I was in choirs as a kid and I can recall my own mom hosting kids from a traveling high school marching band so when one of my colleagues was asking around if anyone could be a host family it seemed like something we should do. Fortunately, J was amenable to the idea, if a little baffled by the whole concept. We really only have them here for a few waking hours both days, so it's not like it's all that taxing, but I'm still glad that I can usually count on him to be a good egg about such things, which is one of the many reasons I love him.
It feels a little strange to be on this side of the kids-who-aren't-related-to-me-staying-at-our-house equation. I've had other people's children here before, of course, but always with their parents here, too. So I am, for a couple nights, "The Mom." Why this should feel different from any other night I'm not really sure, since I'm "The Mom" every night. But still.
It also seems a little amazing that someone else who has never met me, and can only really trust me by proxy of proxy of proxy, has entrusted me with their pre-teenage children. It speaks of people with a deep faith in the goodness of others, and enough trust in their own parenting skills that they're willing to send their children off into the world for two weeks without them.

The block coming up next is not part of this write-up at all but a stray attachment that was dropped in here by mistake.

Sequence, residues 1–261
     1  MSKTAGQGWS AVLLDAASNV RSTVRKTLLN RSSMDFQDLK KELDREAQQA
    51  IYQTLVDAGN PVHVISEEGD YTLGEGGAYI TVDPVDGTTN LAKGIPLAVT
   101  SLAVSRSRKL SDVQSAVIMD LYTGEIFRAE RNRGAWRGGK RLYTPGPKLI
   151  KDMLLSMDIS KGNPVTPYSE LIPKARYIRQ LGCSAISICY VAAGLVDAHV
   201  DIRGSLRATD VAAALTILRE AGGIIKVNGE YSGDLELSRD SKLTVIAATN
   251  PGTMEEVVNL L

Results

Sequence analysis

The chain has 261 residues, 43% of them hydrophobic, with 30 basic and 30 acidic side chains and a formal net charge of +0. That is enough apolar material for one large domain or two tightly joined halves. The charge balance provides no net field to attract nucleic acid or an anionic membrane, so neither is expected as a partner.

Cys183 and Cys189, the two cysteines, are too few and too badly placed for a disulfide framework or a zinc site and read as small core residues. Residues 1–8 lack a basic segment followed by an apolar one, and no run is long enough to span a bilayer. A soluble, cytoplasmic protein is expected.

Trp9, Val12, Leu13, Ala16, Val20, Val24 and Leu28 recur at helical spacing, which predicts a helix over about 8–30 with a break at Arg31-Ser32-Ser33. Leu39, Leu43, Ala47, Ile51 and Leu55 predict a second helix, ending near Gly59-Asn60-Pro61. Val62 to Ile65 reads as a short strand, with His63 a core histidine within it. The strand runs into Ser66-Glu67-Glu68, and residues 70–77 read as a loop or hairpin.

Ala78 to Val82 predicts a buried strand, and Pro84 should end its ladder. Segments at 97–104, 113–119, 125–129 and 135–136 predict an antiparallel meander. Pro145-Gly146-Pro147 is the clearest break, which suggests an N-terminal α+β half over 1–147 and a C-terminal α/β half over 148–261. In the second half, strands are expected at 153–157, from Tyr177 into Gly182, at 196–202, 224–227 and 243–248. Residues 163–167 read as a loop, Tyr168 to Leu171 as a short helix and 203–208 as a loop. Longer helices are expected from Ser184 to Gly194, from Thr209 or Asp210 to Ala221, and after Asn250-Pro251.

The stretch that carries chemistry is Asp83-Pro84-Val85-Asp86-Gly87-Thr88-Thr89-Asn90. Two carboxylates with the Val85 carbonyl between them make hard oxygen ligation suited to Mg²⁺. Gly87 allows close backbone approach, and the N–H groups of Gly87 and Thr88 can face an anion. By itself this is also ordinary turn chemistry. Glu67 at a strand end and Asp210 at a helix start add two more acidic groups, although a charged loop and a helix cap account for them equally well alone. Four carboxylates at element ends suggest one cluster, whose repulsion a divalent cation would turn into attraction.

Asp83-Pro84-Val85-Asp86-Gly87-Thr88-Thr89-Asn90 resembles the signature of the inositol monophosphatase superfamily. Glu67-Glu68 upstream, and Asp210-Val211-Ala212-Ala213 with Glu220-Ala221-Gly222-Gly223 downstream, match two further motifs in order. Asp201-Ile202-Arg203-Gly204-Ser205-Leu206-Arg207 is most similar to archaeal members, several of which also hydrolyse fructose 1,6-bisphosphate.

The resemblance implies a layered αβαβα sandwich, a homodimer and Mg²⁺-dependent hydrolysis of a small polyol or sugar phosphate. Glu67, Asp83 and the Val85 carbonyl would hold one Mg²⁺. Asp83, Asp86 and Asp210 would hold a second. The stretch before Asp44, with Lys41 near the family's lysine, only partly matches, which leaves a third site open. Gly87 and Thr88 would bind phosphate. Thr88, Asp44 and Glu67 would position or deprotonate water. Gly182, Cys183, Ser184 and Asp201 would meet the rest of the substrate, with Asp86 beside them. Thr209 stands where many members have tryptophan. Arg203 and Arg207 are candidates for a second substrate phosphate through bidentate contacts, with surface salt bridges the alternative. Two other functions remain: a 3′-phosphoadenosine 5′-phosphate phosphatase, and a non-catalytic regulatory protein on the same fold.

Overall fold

This is even more profound given that the boys are not to use computers or phones during the entire tour. No email, no texting no phone calls home. The only way they are supposed to communicate with their parents is via actual letters. I'm not sure why they have this rule, or even if it's a good one, but it makes the whole thing just a little bit more amazing in this age of instant all-the-time connectivity.
So for now, I am The Mom for these two boys and will get to practice having near-teenagers to get out of bed for a couple mornings.
I hope someday someone will do this for my kids, too.